Gary Ivory (left) with Martin Venner
When Martin first joined the club, he had a big challenge on his hands, which many people may have just walked away from. "The greens were in a poor state and had disease. Fairways were pitted, dry and suffering from the heatwave with hardly any grass cover." Gary added: "Unfortunately, if no maintenance plan is being adhered to, things can go downhill quickly; there was no definition of cut and the tees hadn't even been divoted. There was no attention to detail, lack of joined-up thinking all of which had hit our bottom-line money wise."
Martin now has a proper structure in place for the layout of the course and has worked closely with Martyn Parish from Maxwell Amenity Ltd, who has provided sound agronomic advice and a comprehensive nutritional programme. Gary is more than happy with what they have achieved so far. "It's been quite a difficult start with the weather conditions, alongside all the other things we have had to be put right, but we are getting there. The difference between the greens now, to what they were in the summer, is chalk and cheese - the grass looks healthy, they're free from disease and they're rolling nicely. Good greenkeeping practices and hard work from Martin, along with his passion and vision for things, has certainly changed the course."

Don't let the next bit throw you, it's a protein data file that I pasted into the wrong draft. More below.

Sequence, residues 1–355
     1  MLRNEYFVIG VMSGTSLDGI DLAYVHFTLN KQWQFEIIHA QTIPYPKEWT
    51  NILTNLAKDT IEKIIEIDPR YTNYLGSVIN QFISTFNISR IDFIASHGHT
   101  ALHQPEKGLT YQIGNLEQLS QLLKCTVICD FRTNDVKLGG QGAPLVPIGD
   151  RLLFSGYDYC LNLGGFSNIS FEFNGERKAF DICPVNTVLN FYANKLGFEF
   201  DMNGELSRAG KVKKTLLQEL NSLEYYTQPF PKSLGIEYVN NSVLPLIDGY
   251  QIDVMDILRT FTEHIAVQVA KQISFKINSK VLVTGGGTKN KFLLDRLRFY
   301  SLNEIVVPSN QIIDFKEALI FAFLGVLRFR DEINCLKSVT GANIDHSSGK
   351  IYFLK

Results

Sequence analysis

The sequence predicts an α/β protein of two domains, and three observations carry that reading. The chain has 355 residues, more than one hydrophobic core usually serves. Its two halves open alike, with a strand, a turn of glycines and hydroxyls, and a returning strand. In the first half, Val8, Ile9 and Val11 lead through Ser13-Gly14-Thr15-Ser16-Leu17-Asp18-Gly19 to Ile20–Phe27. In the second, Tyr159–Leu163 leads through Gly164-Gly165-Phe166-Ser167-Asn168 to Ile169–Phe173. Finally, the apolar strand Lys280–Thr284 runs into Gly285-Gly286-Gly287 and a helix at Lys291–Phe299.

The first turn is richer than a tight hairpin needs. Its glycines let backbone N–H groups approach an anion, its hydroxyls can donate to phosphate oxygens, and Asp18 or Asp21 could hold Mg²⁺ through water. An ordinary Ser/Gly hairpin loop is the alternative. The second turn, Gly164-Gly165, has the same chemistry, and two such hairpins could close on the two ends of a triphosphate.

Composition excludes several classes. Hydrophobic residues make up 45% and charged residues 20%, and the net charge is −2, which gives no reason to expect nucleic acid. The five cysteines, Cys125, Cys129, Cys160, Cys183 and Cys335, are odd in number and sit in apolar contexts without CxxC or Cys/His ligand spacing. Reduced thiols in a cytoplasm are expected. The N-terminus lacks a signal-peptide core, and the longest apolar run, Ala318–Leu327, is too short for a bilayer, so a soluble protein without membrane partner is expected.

Martin talks me through his current fertiliser regime for the greens. "Soil samples were taken from the greens by Martyn Parish and, once the results came back, a programme was put together which included: Turf Hardener 20L/Ha, Maxwell Bullet Phosphite 5L/Ha, Maxwell Bullet Chelated Iron 20L/Ha, fungicides: Medallion TL, Instrata Elite Turf Disease Control and ICL H2Pro DewSmart. Martyn has really hit the mark and helped us all the way through it. When things weren't going quite right, and I was questioning myself, he was a shoulder to lean on. In the coming months, we will carry on with the programme using ICL Greenmaster Pro-Lite Cold Start 11:5:5, SeaAction Liquid Seaweed 10L/Ha, BioMass Sugar 20L/Ha, HumiMax 6L/Ha, Green solutions 15:0:6 40LHa and ICL Primo Maxx II at 0.2-0.4L/Ha."